And there may be risky consequences if bitcoin or other cryptocurrencies become a common payment method.
The cryptocurrency market suffered an epic $16 billion wipeout on Thursday. It took place in just a few hours, dragging bitcoin down 4%.
As usual, altcoins bore the worst of the fall. Ethereum, XRP, and others fell in the region of 10%.
That’s all for this week. We’ll be back bright and early on Monday.
Crypto hedge funds are launching at a record rate in 2018, despite the ongoing downtrend in the market.
20% of all hedge funds launched in 2018 are crypto-related, according to new research from Crypto Fund Research. It’s a sign that “big money” and institutional investors haven’t been put off by the year’s selling pressure.
90 Cryptocurrency Hedge Funds Launched in 2018
90 new crypto hedge funds have appeared this year, and that number is expected to rise to 120 before the end of December.
Compare that to 2016 when just 3% of all new hedge funds were crypto-related.
Approximately half the new crypto hedge funds are based in the US, while others have popped up in the UK, Netherlands, Switzerland, China, Australia, and the “Blockchain Island,” Malta.
Rapid growth aside, however, let’s put things in perspective. The total number of crypto hedge funds still account for just 3% of all hedge funds. In terms of market capitalization, crypto funds manage $4 billion compared to the global hedge fund total of $3 trillion.
What’s a Cryptocurrency Hedge Fund?
A crypto hedge fund invests predominantly in crypto assets like bitcoin and ethereum. They may also invest in ICOs (initial coin offerings – a form of crowdfunding capital in the crypto space).
They differ to crypto venture capital funds and private equity funds which invest directly in blockchain projects and crypto startups.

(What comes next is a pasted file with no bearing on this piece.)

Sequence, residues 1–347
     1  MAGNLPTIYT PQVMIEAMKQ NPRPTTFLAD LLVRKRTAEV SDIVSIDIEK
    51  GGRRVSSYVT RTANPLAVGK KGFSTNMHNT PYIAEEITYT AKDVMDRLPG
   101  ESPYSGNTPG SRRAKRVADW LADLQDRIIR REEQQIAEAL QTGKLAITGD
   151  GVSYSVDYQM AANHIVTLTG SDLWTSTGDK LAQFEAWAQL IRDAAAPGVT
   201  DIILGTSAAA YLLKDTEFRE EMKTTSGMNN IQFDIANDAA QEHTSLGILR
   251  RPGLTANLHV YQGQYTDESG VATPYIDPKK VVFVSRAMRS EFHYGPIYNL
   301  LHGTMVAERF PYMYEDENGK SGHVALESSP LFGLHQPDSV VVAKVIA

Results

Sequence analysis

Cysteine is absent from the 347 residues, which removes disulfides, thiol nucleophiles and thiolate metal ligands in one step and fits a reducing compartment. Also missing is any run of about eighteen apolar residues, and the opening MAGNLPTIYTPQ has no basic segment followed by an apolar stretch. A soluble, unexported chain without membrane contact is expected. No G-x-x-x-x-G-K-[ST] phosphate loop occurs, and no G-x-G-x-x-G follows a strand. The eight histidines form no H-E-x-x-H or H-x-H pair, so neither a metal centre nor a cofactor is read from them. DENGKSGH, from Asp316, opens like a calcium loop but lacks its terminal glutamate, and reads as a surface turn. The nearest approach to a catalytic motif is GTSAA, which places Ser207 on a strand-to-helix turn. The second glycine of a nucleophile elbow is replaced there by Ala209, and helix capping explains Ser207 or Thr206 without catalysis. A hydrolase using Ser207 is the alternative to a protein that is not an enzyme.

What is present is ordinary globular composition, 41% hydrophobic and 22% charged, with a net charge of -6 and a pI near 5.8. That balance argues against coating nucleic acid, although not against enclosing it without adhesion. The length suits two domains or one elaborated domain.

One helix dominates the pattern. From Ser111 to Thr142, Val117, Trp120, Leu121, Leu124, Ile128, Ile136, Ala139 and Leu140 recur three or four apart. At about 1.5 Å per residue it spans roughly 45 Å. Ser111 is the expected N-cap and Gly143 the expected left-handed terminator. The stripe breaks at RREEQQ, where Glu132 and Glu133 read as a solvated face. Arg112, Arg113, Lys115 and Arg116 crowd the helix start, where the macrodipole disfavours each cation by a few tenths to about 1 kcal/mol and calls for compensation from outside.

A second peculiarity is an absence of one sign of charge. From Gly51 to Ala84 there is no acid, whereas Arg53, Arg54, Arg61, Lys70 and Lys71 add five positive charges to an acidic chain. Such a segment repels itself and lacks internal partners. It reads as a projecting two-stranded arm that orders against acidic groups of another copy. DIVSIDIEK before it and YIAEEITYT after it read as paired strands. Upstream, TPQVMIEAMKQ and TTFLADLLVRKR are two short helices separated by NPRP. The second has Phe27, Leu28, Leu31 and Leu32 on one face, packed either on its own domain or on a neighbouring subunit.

When you invest in a cryptocurrency hedge fund, your money is pooled with others and the returns are shared. Bear in mind, however, that participating in a hedge fund usually involved high minimum deposits.
Undeterred by Low Prices
The rapid growth of hedge funds in a year when bitcoin has dropped almost 70% is curious. Traditionally, hedge funds sprout up during boom markets to capitalize on an uptrend.
Founder of Crypto Fund Research Joshua Gnaizda said:
“These seemingly unfavorable market conditions have not deterred managers from launching new crypto hedge funds at a record pace. While we don’t believe the rate of new launches is sustainable longer-term, there are currently few signs of a significant slowdown.”
Profit From Volatility
While the market conditions might appear unfavorable, a number of crypto hedge funds still make money when prices are down. Hedge funds can profit from volatility, which is why one crypto hedge fund, Amber AI Group, was able to make a 30% profit in the first quarter of 2018, when crypto prices slumped.
Hedge funds are notorious for short-selling, or profiting from an asset’s decline. By doing this, they can “hedge” their losses and, in some cases, make a profit when the whole markets moves downwards.
Wall Street Embraces Bitcoin
The rise of crypto hedge funds is yet another sign that Wall Street is edging closer to broader cryptocurrency adoption.
To come up with its $7,300 figure, Fundstrat takes into account a $4,000 energy fee (at $0.06 kW/h) and $3,300 for equipment, wear-and-tear and other overheads.
So what makes bitcoin mining currently so unprofitable?
More Mining Competition Than Ever
Despite the bitcoin bear market, mining activity is stronger than ever. Bitcoin’s hash power has doubled since May, which means more and more miners are competing to generate Bitcoin blocks.